Originating Author: David Cahill
The State of the State
Cloud storage gateways are physical or virtual appliances that reside on premise and provide a low friction on-ramp to the cloud without completely relinquishing control of an organization's data. Tactically, these gateways serve as an abstraction layer meant to alleviate the burden of integrating applications with cloud storage services by translating the cloud protocols (e.g. SOAP/REST) to the more familiar block- or file-based interfaces.
Strategically, these systems are disaggregating the storage controller from the disk. The brains of the system remain on premise, while disk is replaced locally with flash. The cloud serves as an integrated archive tier for non-working set data. If you fall into the camp that considers the cloud as an extension of existing IT, then the cloud storage gateway starts to look a lot like a next generation storage system.
From a feature/function standpoint the gateway vendors are building in “table stakes” enterprise services like snapshot, replication, and thin provisioning into the on-premise controller footprint. From a performance standpoint, the approaches vary based on form factor and protocol choices, but most have an SSD tier and a dynamic cache to minimize fetching data from the cloud. In instances where reads/writes require cloud access, various forms of de-duplication, compression, and WAN optimization work to minimize latency and network load (i.e. cloud provider transfer fees). From a security standpoint, these devices typically include encryption and key management handled locally. Early on, the most appealing application of gateways has been as a backup target, archive tier, or tape replacement. The more ambitious vendors are building global file system like capabilities to enable functionality like collaboration and multi-site replication.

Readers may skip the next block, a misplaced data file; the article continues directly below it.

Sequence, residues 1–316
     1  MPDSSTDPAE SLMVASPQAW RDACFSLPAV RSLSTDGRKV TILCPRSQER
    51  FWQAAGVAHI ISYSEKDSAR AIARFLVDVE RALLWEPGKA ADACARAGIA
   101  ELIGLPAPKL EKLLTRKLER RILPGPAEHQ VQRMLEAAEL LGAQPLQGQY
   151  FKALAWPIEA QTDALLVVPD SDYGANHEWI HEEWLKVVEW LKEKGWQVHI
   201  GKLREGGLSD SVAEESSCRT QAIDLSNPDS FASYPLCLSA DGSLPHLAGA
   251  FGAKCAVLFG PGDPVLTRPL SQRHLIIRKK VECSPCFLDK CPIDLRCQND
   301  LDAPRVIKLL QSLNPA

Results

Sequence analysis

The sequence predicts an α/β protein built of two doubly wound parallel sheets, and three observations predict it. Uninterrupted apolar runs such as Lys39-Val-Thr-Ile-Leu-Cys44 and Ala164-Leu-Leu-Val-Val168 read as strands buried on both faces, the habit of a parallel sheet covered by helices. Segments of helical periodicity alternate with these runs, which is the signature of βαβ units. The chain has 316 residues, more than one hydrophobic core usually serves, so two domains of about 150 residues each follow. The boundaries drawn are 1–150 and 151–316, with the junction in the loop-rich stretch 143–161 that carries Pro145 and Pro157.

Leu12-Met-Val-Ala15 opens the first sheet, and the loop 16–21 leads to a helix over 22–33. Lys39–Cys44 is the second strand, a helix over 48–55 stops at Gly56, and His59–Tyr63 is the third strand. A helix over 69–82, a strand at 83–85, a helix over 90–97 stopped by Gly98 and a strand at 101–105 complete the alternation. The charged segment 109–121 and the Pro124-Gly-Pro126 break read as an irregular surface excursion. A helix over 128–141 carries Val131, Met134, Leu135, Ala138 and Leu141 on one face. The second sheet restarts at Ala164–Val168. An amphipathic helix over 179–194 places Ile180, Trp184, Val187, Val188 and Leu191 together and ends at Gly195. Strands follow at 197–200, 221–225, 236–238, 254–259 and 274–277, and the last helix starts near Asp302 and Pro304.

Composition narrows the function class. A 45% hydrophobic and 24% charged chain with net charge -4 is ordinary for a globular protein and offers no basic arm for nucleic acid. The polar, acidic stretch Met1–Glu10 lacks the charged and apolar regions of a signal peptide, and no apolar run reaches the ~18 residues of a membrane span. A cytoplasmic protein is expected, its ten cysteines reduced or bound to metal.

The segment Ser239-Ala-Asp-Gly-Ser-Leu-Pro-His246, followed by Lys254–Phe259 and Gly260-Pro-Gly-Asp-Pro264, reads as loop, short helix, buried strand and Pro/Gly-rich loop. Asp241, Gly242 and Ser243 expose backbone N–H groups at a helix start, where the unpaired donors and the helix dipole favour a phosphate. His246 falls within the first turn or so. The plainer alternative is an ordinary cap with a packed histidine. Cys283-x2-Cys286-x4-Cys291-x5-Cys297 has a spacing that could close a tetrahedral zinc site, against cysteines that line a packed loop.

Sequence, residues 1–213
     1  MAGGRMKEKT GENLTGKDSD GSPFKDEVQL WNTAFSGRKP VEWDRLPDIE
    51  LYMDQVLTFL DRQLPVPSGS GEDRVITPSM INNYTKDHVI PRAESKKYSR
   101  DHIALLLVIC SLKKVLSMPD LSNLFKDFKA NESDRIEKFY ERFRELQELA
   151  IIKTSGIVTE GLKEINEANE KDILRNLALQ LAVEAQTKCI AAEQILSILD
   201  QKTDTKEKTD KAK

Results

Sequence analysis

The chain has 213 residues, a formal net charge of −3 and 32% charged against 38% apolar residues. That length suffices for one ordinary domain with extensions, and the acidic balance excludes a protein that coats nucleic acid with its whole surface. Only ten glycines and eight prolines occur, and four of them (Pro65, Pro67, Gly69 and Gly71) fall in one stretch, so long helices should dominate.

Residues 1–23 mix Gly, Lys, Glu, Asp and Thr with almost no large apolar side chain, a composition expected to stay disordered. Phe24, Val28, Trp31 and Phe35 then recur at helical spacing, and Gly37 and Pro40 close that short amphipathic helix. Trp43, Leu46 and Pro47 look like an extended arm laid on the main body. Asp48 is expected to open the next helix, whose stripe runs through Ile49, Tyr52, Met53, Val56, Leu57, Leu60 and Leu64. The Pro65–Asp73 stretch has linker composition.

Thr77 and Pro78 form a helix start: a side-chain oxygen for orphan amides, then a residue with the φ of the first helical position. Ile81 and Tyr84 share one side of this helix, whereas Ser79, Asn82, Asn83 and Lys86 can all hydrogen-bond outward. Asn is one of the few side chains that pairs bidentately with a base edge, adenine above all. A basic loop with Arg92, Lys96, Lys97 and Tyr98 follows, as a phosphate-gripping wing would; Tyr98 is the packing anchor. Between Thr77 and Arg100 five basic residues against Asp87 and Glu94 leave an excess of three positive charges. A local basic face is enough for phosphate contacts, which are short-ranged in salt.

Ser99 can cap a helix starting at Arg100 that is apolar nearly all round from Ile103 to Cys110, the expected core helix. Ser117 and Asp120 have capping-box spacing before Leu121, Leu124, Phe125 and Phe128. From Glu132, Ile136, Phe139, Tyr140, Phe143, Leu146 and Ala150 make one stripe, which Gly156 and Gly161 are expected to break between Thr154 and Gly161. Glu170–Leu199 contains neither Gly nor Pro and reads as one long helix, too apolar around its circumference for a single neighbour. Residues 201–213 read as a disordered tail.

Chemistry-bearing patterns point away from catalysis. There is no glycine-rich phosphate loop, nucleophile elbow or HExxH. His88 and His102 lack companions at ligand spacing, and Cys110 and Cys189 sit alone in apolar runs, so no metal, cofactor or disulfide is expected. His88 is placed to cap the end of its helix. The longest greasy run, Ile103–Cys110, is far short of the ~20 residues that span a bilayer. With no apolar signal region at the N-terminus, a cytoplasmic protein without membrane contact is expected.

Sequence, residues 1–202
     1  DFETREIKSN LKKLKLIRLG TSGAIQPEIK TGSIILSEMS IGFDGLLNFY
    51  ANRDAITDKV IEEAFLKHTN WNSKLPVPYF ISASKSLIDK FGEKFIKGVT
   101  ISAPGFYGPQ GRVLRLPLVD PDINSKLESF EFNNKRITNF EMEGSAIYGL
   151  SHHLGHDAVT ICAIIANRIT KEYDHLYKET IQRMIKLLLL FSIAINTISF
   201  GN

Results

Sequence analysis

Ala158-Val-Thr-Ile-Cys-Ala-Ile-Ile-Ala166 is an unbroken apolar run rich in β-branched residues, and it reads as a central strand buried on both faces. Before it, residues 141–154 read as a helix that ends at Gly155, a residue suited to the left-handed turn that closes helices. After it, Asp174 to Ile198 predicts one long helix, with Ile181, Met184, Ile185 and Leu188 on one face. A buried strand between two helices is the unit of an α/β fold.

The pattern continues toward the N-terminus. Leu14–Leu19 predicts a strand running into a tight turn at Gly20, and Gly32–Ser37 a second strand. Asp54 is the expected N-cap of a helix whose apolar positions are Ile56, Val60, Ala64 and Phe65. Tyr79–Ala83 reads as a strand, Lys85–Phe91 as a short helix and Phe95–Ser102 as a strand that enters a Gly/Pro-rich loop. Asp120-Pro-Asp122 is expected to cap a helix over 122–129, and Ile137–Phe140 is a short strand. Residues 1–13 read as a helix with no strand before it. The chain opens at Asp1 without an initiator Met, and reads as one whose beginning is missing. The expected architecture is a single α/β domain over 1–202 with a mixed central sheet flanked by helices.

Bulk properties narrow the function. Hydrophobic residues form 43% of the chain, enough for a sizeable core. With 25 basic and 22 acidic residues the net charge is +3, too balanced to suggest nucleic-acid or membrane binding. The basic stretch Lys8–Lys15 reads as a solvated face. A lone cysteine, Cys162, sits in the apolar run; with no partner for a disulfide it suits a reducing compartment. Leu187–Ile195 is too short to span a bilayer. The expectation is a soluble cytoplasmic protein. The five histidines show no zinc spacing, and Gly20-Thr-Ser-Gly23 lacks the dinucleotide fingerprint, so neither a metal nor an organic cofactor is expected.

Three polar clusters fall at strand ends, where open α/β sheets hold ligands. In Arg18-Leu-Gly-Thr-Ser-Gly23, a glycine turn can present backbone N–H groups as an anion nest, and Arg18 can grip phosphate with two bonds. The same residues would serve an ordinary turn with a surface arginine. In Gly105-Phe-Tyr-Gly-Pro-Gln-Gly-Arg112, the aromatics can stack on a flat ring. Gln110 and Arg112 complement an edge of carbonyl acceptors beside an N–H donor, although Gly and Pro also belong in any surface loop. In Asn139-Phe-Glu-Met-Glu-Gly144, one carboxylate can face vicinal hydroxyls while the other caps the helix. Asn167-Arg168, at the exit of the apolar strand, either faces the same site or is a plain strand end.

From a business model perspective, the gateway opportunity takes data off a high ASP, 50-60% gross margin, disk system and pushes it to a smaller, lower ASP, appliance footprint which then offloads the bulk of the capacity to a commodity disk pool. Although models vary, the gateway vendor gets a capacity management license and additional revenue as its footprint grows. The cloud storage service provider gets $/gb under management and related data transfer fees. More interesting, the majority of this revenue stream falls outside the Tier 1 Storage OEMs. Moreover, early-use cases for cloud gateways are creating value by pushing out the need to purchase incremental expensive Tier 1 disk.
Backed by considerable venture funding, several emerging vendors are competing in and around this space, including CTERA, Nasuni, Nirvanix, Panzura, StorSimple and TwinStrata. Established vendors with offerings include F5 Networks and Riverbed. Cirtas was playing in this space as well before a very public unraveling back in April. Two weeks before Cirtas blew up, I listened to a very happy Cirtas customer talk about his experience at Storage Networking World in Santa Clara. And while the reasons for Cirtas’ demise are up for debate, it is my sense that its downfall was more company-specific and not necessarily an indictment on the viability of the cloud storage gateway opportunity. So rather than spend a lot of time sorting through what this means for the cloud storage gateway market, it seems more productive to put this topic aside and move on.
The Battle for the Working Set